Sweet Tooth, and it is delightful – I thought it would be all post-apocalyptic scariness, but it is not. There is a strong thread of hope running through it, which makes it uplifting. Like all things, ymmv, but I’m finding it fun to watch.
We are also watching The Last Dance – the doco about Michael Jordan and the Chicago Bulls, which is surprising me because I never thought I could get caught up in a documentary about basketball – and the Olympics (so much Olympics, my god).
None Shall Sleep won an Aurealis Award!
I know! I’m as shocked as anyone! I mean, I was really shocked – I have never been nominated for an Aurealis Award before, and I was just thrilled to get on the shortlist, ngl.
On the day of the award ceremony, I had been in Melbourne with my family and I was very tired. My partner suggested that I should maybe put on some makeup and look presentable before I Zoomed in (because I was sorely tempted to just jump into my pyjamas at the start of the evening) and I was very grateful I took this advice, because None Shall Sleep won Best Horror Novel!
And I had to make a speech. I had not prepared a speech (because I was truly not expecting to win) so my speech was mainly me going “Omg! Amazing! Omg!” but at least I remembered to thank my publisher, who was also in the Zoom audience, so phew.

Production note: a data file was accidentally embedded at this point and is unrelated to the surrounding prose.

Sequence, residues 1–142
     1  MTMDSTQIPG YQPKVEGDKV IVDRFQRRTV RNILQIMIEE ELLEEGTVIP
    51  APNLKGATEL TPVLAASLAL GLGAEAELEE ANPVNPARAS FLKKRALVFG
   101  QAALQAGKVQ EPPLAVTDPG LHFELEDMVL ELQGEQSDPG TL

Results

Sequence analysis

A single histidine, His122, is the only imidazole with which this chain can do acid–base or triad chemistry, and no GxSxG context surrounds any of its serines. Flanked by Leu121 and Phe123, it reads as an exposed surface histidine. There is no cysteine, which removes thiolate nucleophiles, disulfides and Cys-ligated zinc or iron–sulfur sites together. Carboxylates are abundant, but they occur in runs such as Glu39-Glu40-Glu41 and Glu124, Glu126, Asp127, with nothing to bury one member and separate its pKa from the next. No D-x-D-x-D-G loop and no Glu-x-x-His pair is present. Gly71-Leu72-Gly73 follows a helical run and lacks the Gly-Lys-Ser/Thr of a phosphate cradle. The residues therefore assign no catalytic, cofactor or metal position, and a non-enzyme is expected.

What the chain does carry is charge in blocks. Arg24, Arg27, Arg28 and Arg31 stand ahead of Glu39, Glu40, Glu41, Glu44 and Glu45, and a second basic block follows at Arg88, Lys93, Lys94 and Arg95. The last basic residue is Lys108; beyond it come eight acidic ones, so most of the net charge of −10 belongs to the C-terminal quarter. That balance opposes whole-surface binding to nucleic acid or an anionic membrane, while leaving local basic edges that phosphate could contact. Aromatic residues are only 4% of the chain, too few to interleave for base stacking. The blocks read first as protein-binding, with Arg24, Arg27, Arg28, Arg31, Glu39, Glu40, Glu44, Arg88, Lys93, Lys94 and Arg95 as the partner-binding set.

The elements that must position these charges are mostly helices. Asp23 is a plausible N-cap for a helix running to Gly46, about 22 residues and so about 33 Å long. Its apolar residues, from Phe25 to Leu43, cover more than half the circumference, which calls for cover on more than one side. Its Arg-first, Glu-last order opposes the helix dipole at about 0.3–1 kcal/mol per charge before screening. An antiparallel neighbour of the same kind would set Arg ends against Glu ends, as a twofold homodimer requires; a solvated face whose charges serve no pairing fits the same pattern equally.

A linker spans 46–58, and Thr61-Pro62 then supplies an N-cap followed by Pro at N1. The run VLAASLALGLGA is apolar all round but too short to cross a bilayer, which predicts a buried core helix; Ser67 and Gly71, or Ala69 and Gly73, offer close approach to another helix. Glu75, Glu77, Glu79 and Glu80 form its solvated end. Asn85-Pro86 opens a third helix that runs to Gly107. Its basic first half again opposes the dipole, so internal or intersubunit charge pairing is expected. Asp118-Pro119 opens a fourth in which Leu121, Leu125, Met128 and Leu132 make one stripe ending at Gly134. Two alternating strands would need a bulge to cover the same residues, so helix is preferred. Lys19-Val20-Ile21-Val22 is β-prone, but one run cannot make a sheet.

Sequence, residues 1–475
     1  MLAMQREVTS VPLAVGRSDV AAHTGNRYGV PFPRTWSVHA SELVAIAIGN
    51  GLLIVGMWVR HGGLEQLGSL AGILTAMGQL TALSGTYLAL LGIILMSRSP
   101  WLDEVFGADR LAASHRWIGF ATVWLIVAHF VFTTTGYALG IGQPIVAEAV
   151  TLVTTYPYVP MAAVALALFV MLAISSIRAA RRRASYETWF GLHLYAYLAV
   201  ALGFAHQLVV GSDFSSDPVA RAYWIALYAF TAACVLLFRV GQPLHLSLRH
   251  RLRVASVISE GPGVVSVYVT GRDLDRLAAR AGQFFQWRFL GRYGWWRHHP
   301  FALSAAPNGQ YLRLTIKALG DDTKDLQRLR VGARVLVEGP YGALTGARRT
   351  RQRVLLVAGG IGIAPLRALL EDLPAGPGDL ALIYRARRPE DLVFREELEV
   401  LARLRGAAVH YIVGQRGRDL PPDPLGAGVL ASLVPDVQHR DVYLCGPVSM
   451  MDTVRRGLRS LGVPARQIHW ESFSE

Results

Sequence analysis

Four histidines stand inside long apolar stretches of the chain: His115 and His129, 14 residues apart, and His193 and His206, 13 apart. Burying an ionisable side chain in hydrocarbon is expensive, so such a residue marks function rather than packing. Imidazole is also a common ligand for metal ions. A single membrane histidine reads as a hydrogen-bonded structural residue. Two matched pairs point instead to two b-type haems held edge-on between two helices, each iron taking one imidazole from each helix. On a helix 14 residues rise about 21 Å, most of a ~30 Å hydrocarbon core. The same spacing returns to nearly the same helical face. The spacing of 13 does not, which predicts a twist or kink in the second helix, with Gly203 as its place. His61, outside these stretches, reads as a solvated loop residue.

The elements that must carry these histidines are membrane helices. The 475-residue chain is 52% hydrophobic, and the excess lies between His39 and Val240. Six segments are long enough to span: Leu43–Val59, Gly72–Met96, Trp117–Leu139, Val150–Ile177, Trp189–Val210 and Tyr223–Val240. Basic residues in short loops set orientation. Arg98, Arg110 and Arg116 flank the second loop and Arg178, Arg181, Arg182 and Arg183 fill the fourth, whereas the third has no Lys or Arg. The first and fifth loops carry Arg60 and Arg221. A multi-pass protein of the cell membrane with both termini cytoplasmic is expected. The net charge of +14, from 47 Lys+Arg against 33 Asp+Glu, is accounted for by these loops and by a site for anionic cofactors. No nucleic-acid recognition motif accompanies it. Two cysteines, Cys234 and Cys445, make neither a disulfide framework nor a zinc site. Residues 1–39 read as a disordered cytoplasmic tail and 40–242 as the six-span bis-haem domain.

I am still slightly amazed! An Aurealis Award is a big deal, and I’m so damn thrilled to have won, and I just wanted to say a massive thank you to the Aurealis judges, who do incredible work, and also congratulate all the other writers who won in their categories. If you have a moment, drop by the Aurealis website here, which lists all the shortlistees, who are also amazing, and you might like to check out their books and stories.
None Shall Sleep has also been shortlisted for a Davitt Award!
Which is really cool! The Davitts are the annual award by Sisters in Crime Australia for the best Aussie crime fiction by female-identifying authors in any given year, and I’m absolutely delighted to be on the shortlist for the YA section. You can see all the shortlistees for this year’s best books here.
The Weirdy Wordy
Okay, I found this in McKinley Valentine’s newsletter, The Whippet: it’s a delightfully bizarre newsletter from Mike V. who gives the most recent recaps of all the news from Oddland.